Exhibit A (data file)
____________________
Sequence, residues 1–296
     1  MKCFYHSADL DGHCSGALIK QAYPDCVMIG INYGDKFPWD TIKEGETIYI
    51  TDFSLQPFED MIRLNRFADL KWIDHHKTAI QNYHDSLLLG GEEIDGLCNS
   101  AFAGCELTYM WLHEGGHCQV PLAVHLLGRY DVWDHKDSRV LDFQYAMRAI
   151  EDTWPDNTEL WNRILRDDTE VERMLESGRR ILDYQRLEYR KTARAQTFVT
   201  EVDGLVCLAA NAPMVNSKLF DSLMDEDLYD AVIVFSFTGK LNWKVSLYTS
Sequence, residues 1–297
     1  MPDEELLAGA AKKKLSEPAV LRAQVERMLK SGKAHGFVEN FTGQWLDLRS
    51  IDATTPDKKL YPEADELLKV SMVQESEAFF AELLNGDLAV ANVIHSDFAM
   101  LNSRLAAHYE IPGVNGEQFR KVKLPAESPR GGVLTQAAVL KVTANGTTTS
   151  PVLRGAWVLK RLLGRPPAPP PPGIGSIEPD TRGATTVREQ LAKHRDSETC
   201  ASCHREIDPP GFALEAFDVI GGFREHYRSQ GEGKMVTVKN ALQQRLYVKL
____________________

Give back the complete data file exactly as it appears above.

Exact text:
Sequence, residues 1–296
     1  MKCFYHSADL DGHCSGALIK QAYPDCVMIG INYGDKFPWD TIKEGETIYI
    51  TDFSLQPFED MIRLNRFADL KWIDHHKTAI QNYHDSLLLG GEEIDGLCNS
   101  AFAGCELTYM WLHEGGHCQV PLAVHLLGRY DVWDHKDSRV LDFQYAMRAI
   151  EDTWPDNTEL WNRILRDDTE VERMLESGRR ILDYQRLEYR KTARAQTFVT
   201  EVDGLVCLAA NAPMVNSKLF DSLMDEDLYD AVIVFSFTGK LNWKVSLYTS
Sequence, residues 1–297
     1  MPDEELLAGA AKKKLSEPAV LRAQVERMLK SGKAHGFVEN FTGQWLDLRS
    51  IDATTPDKKL YPEADELLKV SMVQESEAFF AELLNGDLAV ANVIHSDFAM
   101  LNSRLAAHYE IPGVNGEQFR KVKLPAESPR GGVLTQAAVL KVTANGTTTS
   151  PVLRGAWVLK RLLGRPPAPP PPGIGSIEPD TRGATTVREQ LAKHRDSETC
   201  ASCHREIDPP GFALEAFDVI GGFREHYRSQ GEGKMVTVKN ALQQRLYVKL